Myanmar’s military regime has executed four individuals, including a deposed pro-democracy lawmaker and a prominent activist, in its first use of the death penalty in over three decades, state media reported Monday.
Kyaw Min Yu, also known as Jimmy, a leader of the activist group that opposed former dictator Ne Win, and Phyo Zeya Thaw, a civilian lawmaker overthrown in last year’s coup, were among the four. They were charged with treason and terrorism by a military tribunal this year and were executed for carrying out “brutal and inhumane terror acts such as murdering many innocent people,” according to state-owned English daily, Global New Light of Myanmar.
These executions mark the first in Southeast Asia’s overwhelmingly Buddhist nation to execute a criminal sentence since 1988. They also follow more than 2,000 civilian deaths by military forces within less than 18 months according to UN Office of the High Commissar for Human Rights.
More than 70% of the countries in the world “have abolished capital punishment in law or practice,” according to the US-based Death Penalty Information Center, an authority in the subject.
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Major General Zaw Min Tu, the State Administration Council’s lead spokesperson, refused to comment and instead referred Bloomberg News directly to the report.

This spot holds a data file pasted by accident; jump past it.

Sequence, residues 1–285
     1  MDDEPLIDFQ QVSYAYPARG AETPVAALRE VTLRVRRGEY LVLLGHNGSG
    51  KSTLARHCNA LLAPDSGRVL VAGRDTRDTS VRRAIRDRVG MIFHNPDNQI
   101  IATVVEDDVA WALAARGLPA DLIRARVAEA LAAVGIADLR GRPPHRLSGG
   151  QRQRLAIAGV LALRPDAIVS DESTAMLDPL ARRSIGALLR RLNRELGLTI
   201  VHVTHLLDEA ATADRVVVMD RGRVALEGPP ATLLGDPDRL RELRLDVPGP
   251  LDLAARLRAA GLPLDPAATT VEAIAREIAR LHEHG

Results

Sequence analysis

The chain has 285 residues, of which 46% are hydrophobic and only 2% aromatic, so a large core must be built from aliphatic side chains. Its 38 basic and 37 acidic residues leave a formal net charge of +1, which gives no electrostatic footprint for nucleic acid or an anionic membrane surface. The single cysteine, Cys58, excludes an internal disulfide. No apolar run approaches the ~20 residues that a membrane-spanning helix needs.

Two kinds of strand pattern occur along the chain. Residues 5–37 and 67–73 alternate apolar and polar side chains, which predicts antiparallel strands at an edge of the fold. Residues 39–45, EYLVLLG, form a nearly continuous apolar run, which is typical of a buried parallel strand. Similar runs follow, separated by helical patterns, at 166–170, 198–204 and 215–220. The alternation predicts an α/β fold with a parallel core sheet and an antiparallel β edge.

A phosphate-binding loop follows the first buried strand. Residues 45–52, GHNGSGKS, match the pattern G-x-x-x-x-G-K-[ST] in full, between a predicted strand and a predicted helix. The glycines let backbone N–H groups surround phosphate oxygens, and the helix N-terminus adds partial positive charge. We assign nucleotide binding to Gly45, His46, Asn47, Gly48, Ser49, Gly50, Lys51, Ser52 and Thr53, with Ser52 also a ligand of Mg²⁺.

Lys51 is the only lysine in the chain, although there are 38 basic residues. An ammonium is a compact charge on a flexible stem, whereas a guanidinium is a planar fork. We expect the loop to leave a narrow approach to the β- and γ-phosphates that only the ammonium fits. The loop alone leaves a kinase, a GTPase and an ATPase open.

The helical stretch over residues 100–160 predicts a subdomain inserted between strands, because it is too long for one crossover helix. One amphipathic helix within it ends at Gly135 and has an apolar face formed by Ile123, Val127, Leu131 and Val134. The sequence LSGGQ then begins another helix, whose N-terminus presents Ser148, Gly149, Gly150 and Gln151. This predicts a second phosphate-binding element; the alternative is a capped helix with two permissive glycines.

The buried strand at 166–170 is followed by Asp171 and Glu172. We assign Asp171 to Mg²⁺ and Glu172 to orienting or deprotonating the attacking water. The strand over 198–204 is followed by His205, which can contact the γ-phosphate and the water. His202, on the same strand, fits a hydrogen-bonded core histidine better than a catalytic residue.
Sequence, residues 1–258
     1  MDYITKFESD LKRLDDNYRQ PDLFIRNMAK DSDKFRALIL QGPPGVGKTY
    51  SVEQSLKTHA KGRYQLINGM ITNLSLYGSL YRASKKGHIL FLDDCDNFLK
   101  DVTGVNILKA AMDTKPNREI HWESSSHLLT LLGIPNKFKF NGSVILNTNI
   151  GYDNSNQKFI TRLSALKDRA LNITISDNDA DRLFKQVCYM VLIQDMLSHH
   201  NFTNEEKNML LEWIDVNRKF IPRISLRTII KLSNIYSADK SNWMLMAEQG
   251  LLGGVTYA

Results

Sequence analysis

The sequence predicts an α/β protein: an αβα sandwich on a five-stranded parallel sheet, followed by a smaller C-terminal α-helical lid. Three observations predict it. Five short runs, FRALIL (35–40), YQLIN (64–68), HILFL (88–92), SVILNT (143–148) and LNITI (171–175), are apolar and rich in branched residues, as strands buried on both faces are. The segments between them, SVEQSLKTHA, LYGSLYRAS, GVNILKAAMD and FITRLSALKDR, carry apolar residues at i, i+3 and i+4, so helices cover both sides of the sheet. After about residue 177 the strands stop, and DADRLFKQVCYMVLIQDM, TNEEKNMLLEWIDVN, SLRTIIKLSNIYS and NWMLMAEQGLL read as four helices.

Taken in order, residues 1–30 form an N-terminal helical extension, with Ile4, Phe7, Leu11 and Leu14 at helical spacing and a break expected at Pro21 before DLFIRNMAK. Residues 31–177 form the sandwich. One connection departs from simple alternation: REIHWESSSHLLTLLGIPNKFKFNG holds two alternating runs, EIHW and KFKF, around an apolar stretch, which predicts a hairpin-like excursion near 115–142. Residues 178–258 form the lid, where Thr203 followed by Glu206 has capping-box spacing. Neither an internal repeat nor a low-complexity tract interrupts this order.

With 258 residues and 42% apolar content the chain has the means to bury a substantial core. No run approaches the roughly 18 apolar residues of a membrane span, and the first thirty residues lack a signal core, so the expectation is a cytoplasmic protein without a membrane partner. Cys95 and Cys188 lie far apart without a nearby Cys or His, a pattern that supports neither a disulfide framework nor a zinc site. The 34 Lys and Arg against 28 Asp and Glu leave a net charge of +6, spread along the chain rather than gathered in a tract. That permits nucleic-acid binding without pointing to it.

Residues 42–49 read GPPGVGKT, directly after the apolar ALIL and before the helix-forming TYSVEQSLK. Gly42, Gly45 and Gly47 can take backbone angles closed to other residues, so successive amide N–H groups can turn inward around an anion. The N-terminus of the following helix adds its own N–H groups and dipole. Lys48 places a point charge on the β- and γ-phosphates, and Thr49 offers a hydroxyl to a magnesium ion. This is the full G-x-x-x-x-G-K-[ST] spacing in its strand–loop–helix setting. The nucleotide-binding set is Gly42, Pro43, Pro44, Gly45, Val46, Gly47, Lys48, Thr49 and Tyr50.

“The junta’s announced decision to execute the activists illustrates how the military seeks to use all apparatuses of the state to persecute those that oppose its attempt to return Myanmar to military authoritarian rule,” UN experts said on the matter last month. “The illegitimate military junta is providing the international community with further evidence of its disregard for human rights.”
Myanmar’s civilian leader Aung San Suu Kyi was last month moved to solitary confinement inside a military-built prison compound in the capital of Naypyidaw after a special court in April sentenced her to five years in prison in the first of several corruption charges leveled against her. She is effectively prevented from staging another political comeback by the fact that her total sentence increases to eleven years.
Suu Kyi faces more than 12 other charges including violation of the colonial-era Official Secrets Act. These remaining charges carry a maximum sentence of nearly 190 years in prison.
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